Behind the Rituals
All posts from: September 2012
Should herbal medicines sit alongside conventional medicines?
Complementary and alternative medicine (CAM) is increasingly popular, and encompasses a number of systems and therapies based on diverse theories and practices, such as homoeopathy, traditional herbalism, Reiki, Ayurvedic medicine and traditional Chinese medicine.
While many are based on metaphysical concepts for which there is no sound evidence, for herbal medicines there is a rational, scientific basis and increasing clinical evidence.
An article published in Nursing Times this week suggests herbal medicines should no longer be considered part of CAM, but instead sit alongside conventional medicines.
How can nurses’ compassion and values be measured at interview?
A government-commissioned review is likely to press for all new nurses and healthcare assistants to be screened for their values and ability to be compassionate, Nursing Times has been told.
The chair of the panel, high profile GP Professor Steve Field, told Nursing Times that universities should interview all healthcare staff before giving them places, and use the values in the NHS constitution as part of interviews. He said the review had discovered that at present, several nursing schools in England did not interview.
He said: “Universities should be interviewing all healthcare professionals, not just offering them courses based on their A-Level grades. I despair of nursing schools and medical schools which don’t interview.”
Professor Field also said healthcare employers should use the constitution’s values in interviews for all staff. In particular he said that more attention should be paid to healthcare assistants and other unqualified staff. The role of HCAs may receive particular criticism from the Mid Staffordshire inquiry, and there have been calls for statutory regulation of the roles.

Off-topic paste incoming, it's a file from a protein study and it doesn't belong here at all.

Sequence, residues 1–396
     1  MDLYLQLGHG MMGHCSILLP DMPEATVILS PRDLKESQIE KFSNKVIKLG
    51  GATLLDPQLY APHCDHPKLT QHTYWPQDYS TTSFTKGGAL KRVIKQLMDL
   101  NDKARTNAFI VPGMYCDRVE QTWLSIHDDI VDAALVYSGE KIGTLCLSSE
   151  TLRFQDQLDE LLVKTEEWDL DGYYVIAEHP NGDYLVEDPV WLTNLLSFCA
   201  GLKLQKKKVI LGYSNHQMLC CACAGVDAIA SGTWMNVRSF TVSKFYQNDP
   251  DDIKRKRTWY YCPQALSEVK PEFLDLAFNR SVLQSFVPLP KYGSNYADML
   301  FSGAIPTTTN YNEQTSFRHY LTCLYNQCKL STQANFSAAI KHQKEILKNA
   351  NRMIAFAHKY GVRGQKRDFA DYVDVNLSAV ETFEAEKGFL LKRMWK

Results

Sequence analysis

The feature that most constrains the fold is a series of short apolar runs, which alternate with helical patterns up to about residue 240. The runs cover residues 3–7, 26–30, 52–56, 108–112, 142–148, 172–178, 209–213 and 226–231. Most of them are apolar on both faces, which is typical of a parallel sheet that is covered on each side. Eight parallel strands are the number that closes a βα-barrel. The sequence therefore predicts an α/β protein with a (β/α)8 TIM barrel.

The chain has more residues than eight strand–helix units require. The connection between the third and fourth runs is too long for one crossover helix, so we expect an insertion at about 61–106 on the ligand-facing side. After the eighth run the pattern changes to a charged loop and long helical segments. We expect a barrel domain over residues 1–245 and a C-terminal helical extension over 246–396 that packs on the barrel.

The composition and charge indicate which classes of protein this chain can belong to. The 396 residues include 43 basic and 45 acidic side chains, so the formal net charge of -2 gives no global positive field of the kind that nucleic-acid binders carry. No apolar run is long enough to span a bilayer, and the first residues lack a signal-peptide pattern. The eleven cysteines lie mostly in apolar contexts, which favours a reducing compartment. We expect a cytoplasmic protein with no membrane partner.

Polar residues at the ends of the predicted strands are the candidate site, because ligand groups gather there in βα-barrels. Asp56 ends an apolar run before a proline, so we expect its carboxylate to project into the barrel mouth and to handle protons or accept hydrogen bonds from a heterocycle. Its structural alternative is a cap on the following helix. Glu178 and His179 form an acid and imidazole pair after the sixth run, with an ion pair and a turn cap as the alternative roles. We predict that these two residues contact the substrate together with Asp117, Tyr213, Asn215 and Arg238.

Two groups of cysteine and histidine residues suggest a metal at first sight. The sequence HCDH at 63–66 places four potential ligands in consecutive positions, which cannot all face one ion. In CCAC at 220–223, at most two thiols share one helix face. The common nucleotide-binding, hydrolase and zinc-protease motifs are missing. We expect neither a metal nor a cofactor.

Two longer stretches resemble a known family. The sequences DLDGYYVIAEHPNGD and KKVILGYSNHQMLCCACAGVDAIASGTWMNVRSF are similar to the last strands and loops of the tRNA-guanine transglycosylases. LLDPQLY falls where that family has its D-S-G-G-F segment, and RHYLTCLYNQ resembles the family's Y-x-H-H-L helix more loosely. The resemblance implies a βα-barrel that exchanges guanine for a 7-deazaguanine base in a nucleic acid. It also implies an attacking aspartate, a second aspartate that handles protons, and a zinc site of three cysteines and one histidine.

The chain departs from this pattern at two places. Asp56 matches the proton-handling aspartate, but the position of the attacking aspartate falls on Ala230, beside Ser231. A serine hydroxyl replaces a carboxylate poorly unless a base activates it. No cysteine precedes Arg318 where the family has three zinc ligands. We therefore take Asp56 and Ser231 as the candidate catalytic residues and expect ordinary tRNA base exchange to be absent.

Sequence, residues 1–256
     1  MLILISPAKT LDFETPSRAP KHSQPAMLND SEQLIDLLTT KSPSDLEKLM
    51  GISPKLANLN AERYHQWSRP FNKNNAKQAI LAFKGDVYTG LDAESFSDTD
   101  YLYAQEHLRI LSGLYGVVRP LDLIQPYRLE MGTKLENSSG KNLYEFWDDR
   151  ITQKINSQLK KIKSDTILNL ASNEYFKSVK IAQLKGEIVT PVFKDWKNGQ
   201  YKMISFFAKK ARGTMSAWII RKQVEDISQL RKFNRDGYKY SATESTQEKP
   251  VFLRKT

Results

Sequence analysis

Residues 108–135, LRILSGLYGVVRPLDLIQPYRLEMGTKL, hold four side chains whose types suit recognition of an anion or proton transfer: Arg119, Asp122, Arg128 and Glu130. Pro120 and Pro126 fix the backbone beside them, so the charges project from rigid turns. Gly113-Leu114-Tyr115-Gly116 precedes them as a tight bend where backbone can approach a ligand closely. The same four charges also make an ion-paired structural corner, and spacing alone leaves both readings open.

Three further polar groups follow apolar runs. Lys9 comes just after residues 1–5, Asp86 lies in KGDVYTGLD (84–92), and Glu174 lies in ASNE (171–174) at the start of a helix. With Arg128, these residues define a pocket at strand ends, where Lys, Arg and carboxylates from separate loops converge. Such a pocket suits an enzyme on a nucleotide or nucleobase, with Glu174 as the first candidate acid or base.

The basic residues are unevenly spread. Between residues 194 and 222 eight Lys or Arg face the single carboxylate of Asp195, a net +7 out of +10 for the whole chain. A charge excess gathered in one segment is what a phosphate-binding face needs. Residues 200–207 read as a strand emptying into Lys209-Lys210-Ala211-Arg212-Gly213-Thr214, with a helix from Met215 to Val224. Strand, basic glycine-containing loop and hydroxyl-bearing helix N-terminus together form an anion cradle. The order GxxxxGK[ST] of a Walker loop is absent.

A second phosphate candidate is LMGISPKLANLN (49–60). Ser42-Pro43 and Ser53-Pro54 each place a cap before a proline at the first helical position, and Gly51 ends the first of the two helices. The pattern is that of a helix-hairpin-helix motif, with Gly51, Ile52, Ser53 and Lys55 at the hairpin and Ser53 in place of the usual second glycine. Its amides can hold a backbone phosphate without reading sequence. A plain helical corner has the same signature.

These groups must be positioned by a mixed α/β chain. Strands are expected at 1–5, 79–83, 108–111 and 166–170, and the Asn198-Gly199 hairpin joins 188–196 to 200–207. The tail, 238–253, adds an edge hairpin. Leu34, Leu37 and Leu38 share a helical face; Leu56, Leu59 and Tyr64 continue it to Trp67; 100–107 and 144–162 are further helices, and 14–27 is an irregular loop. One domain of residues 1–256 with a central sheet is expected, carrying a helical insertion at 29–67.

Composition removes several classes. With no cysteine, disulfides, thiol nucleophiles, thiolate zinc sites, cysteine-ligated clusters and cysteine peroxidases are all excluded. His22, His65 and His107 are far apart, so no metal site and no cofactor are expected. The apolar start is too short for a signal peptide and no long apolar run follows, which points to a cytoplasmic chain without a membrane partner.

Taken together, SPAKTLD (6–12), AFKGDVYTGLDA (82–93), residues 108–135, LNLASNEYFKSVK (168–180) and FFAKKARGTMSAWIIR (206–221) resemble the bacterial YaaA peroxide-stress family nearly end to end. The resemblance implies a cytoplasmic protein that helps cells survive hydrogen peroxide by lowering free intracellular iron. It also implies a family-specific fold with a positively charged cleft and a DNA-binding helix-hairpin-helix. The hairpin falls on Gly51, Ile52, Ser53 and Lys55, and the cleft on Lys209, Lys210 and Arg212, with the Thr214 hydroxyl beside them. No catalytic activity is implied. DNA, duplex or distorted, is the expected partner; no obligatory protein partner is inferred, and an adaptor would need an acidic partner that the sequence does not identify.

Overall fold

Should all nursing documentation be standardised across the NHS?
The Royal College of Nursing and the Royal College of Physicians have worked together to develop the National Early Warning Score (NEWS) system for recording vital signs in adults. They claim it could save up to 6,000 lives a year. They want to see it introduced in acute and community hospitals, nursing homes and ambulance services to increase consistency, reduce mistakes and ultimately improve outcomes for patients.
A recent study published in the journal BMJ Quality and Safety found there were nearly 12,000 avoidable deaths of adults in English acute hospitals annually. It found almost a third of these could be attributed to poor clinical monitoring, 29.7% from diagnostic errors and 21.1 % from inadequate drug or fluid management.
- Nurses ‘crucial’ to plan to save 6,000 lives with new bed chart, Nursing Times
- ‘Assessment’ section, Nursing Times
Do people with mental health problems miss out on essential care?
A study by researchers from John Hopkins University has found that people with conditions like schizophrenia and bipolar disorder were 2.6 times more likely to develop cancer than the rest of the population. They raised questions about whether people with serious mental illness were getting appropriate screening and preventive care related to cancer risks, such as advice on stopping smoking.
This is backed by a recent review published in Nursing Times which examined the issue of discrimination against people with mental health problems. The author found that service users encountered discrimination when accessing services such as GPs. They reported professionals as being dismissive or assuming that physical presentations were “all in the mind”. This is especially significant, as evidence suggests people with mental illness are at greater risk from physical health problems, including cardiovascular disease, diabetes, obesity and respiratory disease; they also have a higher risk of premature death.